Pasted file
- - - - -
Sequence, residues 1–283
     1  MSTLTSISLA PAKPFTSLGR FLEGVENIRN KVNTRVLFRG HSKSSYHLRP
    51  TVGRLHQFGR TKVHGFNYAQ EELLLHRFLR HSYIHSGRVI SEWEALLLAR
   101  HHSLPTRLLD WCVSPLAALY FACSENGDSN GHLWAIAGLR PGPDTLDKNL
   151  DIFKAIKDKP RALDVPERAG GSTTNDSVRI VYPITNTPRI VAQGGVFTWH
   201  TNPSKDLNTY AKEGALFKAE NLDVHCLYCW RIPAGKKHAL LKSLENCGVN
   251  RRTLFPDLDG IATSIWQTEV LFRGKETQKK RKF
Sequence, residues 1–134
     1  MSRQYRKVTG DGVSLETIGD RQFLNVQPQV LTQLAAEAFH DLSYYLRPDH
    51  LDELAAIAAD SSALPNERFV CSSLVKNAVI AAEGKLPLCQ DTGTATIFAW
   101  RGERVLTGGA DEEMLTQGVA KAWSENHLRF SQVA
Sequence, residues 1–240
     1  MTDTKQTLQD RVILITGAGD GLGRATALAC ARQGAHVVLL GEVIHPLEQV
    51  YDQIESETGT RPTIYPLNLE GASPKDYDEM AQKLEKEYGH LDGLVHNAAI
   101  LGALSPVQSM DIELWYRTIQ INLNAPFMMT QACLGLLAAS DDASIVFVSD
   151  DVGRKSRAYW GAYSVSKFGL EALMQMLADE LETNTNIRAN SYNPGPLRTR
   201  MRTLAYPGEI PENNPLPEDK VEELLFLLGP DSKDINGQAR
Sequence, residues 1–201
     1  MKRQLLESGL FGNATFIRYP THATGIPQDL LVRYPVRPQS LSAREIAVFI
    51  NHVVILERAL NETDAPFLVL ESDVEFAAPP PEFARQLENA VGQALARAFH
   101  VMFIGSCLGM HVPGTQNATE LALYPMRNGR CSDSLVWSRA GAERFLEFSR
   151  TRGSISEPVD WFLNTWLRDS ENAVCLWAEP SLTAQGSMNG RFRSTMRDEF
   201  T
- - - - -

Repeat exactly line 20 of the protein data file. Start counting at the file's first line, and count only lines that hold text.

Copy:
    51  NHVVILERAL NETDAPFLVL ESDVEFAAPP PEFARQLENA VGQALARAFH